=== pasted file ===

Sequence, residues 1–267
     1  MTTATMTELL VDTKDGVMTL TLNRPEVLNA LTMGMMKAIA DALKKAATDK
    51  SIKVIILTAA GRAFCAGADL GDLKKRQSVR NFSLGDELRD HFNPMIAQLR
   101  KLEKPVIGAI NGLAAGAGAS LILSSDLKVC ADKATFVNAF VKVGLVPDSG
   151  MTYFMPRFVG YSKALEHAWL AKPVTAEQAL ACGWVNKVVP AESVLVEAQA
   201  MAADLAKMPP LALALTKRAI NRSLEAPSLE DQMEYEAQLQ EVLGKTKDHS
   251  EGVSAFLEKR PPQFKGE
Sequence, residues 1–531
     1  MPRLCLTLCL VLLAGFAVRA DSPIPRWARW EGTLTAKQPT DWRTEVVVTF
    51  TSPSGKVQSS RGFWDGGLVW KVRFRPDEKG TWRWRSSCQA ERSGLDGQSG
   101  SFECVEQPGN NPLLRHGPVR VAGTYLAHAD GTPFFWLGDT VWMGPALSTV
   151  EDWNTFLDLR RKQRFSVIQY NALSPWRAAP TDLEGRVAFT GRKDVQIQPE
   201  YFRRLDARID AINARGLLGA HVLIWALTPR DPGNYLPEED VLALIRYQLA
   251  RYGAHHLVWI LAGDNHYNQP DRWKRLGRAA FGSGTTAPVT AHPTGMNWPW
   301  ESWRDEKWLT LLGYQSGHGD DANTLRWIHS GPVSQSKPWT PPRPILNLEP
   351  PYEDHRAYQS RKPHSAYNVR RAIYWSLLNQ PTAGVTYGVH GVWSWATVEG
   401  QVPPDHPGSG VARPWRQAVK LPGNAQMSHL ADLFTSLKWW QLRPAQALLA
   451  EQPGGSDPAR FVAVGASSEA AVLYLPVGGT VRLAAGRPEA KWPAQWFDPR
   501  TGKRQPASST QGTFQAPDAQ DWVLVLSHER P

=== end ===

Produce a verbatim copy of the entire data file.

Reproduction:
Sequence, residues 1–267
     1  MTTATMTELL VDTKDGVMTL TLNRPEVLNA LTMGMMKAIA DALKKAATDK
    51  SIKVIILTAA GRAFCAGADL GDLKKRQSVR NFSLGDELRD HFNPMIAQLR
   101  KLEKPVIGAI NGLAAGAGAS LILSSDLKVC ADKATFVNAF VKVGLVPDSG
   151  MTYFMPRFVG YSKALEHAWL AKPVTAEQAL ACGWVNKVVP AESVLVEAQA
   201  MAADLAKMPP LALALTKRAI NRSLEAPSLE DQMEYEAQLQ EVLGKTKDHS
   251  EGVSAFLEKR PPQFKGE
Sequence, residues 1–531
     1  MPRLCLTLCL VLLAGFAVRA DSPIPRWARW EGTLTAKQPT DWRTEVVVTF
    51  TSPSGKVQSS RGFWDGGLVW KVRFRPDEKG TWRWRSSCQA ERSGLDGQSG
   101  SFECVEQPGN NPLLRHGPVR VAGTYLAHAD GTPFFWLGDT VWMGPALSTV
   151  EDWNTFLDLR RKQRFSVIQY NALSPWRAAP TDLEGRVAFT GRKDVQIQPE
   201  YFRRLDARID AINARGLLGA HVLIWALTPR DPGNYLPEED VLALIRYQLA
   251  RYGAHHLVWI LAGDNHYNQP DRWKRLGRAA FGSGTTAPVT AHPTGMNWPW
   301  ESWRDEKWLT LLGYQSGHGD DANTLRWIHS GPVSQSKPWT PPRPILNLEP
   351  PYEDHRAYQS RKPHSAYNVR RAIYWSLLNQ PTAGVTYGVH GVWSWATVEG
   401  QVPPDHPGSG VARPWRQAVK LPGNAQMSHL ADLFTSLKWW QLRPAQALLA
   451  EQPGGSDPAR FVAVGASSEA AVLYLPVGGT VRLAAGRPEA KWPAQWFDPR
   501  TGKRQPASST QGTFQAPDAQ DWVLVLSHER P